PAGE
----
posted by Marisa Stole the Precious Thing at 8:31 AM on February 23, 2013


What if history really was mawkish and sentimental?
posted by shakespeherian at 9:02 AM on February 23, 2013 [2 favorites]




Birth of a Nation launched the rebirth of the Klan.

A good example. Still, had the nation not been full of white supremacist rumblings and racial tensions at the time, it would not have been of any interest and just been a movie about a weird historical oddity. But yeah, that's about the best example that's come up yet.


Birth of a Nation is exactly an example of what you had asked for. The fact that there were other reasons for racial tension, etc. in the US at that time does not diminish the fact that the film changed history. Nothing happens in a vacuum.

Other film examples: I remember one of Justice Brennan's clerks talking about how difficult it was to maintain a liberal political attitude towards crime, in an era when the Dirty Harry films were cementing in the public's mind the idea that the solution to rampant crime would be a macho, rule-bending roughneck.

While it's television instead of film, I also remember Justice Scalia citing 24 as an influence on his mindset when it come to cases involving terrorism. Scalia wasn't the only one who was taking guidance on these issues from pop culture such as 24.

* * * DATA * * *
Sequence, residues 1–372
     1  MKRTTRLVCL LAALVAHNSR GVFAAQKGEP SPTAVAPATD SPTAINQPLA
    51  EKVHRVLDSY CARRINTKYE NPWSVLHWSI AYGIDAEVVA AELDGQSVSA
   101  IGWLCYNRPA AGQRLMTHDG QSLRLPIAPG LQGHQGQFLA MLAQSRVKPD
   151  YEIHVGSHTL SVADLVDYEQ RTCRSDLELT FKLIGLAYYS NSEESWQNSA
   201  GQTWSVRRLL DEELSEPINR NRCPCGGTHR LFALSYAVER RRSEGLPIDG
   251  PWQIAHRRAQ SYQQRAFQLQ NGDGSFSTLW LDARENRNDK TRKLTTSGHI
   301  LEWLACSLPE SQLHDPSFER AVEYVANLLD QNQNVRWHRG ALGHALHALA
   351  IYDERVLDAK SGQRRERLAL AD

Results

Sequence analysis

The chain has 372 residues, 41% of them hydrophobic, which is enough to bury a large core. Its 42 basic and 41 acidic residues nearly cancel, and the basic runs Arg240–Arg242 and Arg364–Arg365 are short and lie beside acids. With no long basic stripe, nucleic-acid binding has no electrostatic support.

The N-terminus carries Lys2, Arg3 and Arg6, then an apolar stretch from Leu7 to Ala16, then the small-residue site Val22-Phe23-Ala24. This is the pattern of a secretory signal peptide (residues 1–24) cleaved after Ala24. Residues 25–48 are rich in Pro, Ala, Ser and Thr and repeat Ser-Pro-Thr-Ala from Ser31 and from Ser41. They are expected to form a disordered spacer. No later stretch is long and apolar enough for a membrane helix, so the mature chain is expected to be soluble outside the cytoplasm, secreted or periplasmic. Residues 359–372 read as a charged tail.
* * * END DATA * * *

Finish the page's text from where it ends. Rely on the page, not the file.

More recently, you can see heavy influence from the film version of V for Vendetta throughout the activities of Anonymous and Occupy, and not merely just the usage of the mask. Putting to lie the myth that films are only experienced passively, we see how people were able to adopt the film's themes and imagery for their own revolutionary uses, while also of course blending the film's influence with many other influences.

The long and short of it is that film and television comes from society, but they also affect it in the other direction as well. You can't sever these products of culture from culture itself, in either direction.